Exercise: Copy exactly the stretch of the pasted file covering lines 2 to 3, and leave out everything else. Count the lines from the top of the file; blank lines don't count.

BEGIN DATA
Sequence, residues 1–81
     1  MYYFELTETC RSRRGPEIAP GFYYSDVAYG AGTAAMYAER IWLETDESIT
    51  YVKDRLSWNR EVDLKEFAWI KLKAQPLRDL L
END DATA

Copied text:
     1  MYYFELTETC RSRRGPEIAP GFYYSDVAYG AGTAAMYAER IWLETDESIT
    51  YVKDRLSWNR EVDLKEFAWI KLKAQPLRDL L